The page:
The major purpose of a Health and Safety Committee is to act as a conduit between the staff and the administration. Information on health and safety hazardsaccidents, recommendations, etc. are channeled to the administration from the staff through the Health and Safety Committee.  Similarly, health and safety policy, rules, etc. are transferred to the staff via the Health and Safety Committee. 

In addition the Health and Safety Committee can participate in many of the activities of a health and safety program, such as inspections, accident investigation, education, developing recommendations, recordkeeping, approving use of new materials, etc.


A Health and Safety Committee should be representative of all those working in the college or university  including teachers, technicians, maintenance, administration, and students  as well as people with health and safety responsibilities in the institution.  Each committee member should have specific expertise and duties.  The health and safety program director and program administrator should also be ex officio members.  

The optimum size for a Health and Safety Committee is from 610 people.  (In a smaller institution where there are not at least six people available, all the various functions can be performed by a fewer number of persons if need be.)  Obviously the amount of time spent on Committee activities will vary from person to person, depending on their job.  Health and Safety Committee members should serve staggered terms of membership so that there is continuity of activity.  Members should also undergo special training.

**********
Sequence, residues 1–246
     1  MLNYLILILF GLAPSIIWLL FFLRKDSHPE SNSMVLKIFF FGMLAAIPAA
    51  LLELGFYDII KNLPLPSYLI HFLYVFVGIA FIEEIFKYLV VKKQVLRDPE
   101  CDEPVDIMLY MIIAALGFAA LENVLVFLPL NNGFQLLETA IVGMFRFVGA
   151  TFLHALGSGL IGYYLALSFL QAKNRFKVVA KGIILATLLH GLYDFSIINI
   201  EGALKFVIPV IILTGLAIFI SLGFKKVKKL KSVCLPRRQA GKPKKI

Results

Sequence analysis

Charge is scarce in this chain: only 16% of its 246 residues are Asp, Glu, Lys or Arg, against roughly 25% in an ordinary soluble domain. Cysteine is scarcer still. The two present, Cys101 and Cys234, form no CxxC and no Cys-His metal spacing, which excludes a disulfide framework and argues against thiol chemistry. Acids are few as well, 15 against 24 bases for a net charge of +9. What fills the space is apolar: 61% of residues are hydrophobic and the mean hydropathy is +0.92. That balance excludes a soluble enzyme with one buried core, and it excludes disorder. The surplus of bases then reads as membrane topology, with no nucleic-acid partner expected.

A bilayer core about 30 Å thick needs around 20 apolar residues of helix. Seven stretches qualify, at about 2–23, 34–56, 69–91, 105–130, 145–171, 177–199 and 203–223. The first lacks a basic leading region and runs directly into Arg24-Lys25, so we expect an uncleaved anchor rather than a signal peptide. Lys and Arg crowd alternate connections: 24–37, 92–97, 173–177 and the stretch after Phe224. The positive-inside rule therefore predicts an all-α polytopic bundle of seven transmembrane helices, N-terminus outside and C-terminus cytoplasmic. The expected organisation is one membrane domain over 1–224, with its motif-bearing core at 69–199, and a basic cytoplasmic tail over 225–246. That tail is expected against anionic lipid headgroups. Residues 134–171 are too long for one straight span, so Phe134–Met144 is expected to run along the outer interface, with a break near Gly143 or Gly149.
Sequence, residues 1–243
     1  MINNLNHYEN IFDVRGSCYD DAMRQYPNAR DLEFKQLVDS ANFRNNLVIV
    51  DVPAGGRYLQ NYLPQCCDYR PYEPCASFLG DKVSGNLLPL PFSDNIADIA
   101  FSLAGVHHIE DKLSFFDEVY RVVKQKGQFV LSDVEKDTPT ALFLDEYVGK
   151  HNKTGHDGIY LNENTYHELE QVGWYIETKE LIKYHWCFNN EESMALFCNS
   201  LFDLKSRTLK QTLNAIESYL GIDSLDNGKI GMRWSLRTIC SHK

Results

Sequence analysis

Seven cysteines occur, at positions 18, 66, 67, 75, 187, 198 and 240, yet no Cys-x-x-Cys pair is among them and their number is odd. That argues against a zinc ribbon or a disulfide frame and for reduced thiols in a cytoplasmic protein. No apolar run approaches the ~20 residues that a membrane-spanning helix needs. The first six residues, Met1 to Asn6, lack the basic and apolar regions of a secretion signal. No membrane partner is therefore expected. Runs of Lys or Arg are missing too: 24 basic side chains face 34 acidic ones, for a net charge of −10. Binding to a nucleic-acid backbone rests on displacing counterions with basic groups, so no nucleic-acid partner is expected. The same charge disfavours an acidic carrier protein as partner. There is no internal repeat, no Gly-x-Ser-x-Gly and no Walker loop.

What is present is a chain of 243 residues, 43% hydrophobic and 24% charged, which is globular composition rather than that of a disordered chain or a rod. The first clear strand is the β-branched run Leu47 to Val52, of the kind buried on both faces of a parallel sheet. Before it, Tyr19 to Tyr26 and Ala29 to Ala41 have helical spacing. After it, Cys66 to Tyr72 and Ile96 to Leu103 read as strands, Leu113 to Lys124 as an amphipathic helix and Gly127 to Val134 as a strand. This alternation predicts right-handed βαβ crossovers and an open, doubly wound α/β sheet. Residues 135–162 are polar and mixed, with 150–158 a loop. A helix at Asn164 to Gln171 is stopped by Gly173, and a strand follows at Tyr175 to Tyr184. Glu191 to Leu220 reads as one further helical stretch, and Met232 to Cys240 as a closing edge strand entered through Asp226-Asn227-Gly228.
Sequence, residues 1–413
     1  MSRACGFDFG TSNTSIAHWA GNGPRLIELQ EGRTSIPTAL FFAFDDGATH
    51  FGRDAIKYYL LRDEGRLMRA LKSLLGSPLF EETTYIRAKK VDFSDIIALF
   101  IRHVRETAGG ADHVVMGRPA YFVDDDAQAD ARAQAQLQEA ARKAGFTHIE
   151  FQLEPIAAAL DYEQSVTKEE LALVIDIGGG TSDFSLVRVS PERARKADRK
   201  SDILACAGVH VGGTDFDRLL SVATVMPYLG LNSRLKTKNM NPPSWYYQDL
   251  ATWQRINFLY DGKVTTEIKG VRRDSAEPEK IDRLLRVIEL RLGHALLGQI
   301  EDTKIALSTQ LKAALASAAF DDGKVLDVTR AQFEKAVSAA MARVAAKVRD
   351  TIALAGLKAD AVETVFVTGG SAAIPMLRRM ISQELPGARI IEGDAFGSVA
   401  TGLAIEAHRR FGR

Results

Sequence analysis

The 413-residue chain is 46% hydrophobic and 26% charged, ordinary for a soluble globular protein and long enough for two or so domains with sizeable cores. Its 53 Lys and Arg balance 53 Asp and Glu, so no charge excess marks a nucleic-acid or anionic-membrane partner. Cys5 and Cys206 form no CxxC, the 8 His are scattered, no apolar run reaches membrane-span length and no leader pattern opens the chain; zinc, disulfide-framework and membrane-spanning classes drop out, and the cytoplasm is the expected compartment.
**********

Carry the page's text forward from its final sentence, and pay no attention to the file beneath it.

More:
Health and Safety Committee meetings should be held at least once monthly during regular working hours.  Attendance should be mandatory.  Formal procedures should be adopted for the meetings and careful minutes kept and posted in a conspicuous spot or sent out prior to the next meeting.  Agendas should be drawn up, made public, and followed.

It is crucial that all Health and Safety Committee activities be carefully documented.  For example, recommendations for correction of health and safety problems should include what is to be done, by whom and when, how, and why the recommendations are needed.  All of this should be in the minutes.  This can be important in case of possible legal action, and also to document the effectiveness of the health and safety program.


  There are a number of crucial activities that must be carried out in order to have an effective health and safety program.  These are: 

* inspections; 

* hazard evaluation and control;

* accident/illness reporting and


* emergency planning;

* education and training;